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Violet Jessop’s career working on ocean liners was more eventful than most. At age 23, she began work as a stewardess on the White Star Line ship RMS Olympic, the world’s largest civilian luxury liner at the time. In September 1911, the Olympic collided with British warship HMS Hawke, but both vessels were able to make it back to port without sinking.
Undeterred, Jessop joined the staff of the Olympic's sister ship, the RMS Titanic, in April 1912 for its maiden voyage to America. As everyone knows, a collision with an iceberg caused the ship to sink four days into the voyage. Jessop survived in a lifeboat, carrying an unknown infant thrust into her arms at the last minute.
Clearly still unconcerned about sea travel, Jessop accepted a position with the British Red Cross in 1916, working on the HMHS Britannic, which had been converted into a hospital ship during World War I. Disaster struck a third time: The Britannic hit a deep sea mine in the Aegean, and sank within 55 minutes. Thirty people died, but Jessop was among hundreds who survived in lifeboats.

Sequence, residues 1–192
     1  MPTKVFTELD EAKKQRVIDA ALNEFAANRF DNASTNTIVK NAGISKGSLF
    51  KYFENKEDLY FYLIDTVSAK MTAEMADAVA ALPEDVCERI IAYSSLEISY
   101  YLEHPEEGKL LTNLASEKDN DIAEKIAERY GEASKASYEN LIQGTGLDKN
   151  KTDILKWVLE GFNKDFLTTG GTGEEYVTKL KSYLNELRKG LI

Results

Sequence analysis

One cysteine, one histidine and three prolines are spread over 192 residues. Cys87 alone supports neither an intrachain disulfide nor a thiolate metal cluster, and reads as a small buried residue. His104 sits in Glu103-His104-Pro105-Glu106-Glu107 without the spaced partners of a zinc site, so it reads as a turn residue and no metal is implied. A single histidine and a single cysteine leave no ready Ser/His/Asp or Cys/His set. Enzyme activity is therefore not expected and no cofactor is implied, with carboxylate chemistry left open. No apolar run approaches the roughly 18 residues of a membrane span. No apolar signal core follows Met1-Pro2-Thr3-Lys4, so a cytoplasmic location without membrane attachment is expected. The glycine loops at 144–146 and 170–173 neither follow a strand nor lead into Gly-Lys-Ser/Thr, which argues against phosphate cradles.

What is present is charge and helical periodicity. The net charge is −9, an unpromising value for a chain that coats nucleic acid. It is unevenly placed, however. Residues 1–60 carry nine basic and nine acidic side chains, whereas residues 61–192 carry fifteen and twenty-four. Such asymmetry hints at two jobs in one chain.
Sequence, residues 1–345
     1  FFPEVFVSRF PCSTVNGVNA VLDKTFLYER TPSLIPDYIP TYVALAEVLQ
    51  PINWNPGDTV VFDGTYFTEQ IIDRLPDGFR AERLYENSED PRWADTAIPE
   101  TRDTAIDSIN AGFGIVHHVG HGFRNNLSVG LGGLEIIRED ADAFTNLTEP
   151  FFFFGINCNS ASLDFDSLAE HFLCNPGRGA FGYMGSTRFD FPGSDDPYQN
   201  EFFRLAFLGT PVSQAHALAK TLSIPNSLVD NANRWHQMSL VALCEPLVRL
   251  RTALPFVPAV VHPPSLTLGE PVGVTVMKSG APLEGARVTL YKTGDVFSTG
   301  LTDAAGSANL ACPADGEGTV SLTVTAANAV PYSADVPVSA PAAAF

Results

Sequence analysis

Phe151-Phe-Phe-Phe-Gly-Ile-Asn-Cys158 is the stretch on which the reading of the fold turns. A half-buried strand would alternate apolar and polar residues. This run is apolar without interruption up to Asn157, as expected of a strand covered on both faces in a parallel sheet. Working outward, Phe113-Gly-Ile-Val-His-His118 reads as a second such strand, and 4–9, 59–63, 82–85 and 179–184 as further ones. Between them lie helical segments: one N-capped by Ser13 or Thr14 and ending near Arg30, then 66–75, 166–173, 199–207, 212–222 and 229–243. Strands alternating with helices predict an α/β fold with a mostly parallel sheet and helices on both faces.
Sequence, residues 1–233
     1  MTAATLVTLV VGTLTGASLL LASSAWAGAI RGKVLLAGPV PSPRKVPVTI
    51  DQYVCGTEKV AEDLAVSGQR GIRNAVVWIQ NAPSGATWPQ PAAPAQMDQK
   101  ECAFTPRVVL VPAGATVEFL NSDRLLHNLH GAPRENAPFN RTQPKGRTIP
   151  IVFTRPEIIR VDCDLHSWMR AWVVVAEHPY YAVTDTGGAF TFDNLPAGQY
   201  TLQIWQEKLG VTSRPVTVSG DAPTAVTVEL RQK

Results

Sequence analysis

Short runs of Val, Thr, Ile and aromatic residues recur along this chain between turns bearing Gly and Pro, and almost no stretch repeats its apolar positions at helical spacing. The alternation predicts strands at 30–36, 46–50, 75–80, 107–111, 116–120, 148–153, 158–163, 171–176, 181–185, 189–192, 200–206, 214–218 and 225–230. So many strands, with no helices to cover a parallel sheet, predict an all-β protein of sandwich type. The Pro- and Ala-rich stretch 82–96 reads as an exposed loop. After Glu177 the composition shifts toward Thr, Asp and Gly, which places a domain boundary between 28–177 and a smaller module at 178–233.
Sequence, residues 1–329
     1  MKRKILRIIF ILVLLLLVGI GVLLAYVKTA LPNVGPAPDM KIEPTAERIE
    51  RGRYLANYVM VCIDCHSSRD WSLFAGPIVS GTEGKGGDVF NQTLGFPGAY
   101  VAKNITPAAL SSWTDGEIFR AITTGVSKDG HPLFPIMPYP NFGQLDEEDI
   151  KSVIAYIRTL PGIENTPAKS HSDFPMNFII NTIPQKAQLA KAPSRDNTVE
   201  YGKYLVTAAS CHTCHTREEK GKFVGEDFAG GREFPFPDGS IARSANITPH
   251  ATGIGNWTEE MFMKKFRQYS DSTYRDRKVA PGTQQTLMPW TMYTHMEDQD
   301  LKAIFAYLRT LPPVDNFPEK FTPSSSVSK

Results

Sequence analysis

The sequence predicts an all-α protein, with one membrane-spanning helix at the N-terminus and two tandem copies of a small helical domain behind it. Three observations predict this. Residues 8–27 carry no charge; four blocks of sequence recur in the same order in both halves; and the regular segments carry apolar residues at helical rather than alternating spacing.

The amazing, lucky life of Violet Jessop:
- Jessop suffered a head injury during the Britannic rescue when she and other passengers in her boat were nearly killed by the ship’s propellers. Jessop hit her head on the ship’s keel, but was scooped up by another lifeboat.
- Jessop also cheated death as a child. Doctors expected her to die when she came down with tuberculosis, but she unexpectedly recovered. She was the oldest of nine children, three of whom died at an early age.
- Often referred to as “Miss Unsinkable,” Jessop continued her career aboard luxury liners until retirement in 1950. She died of congestive heart failure in 1971 at the age of 83.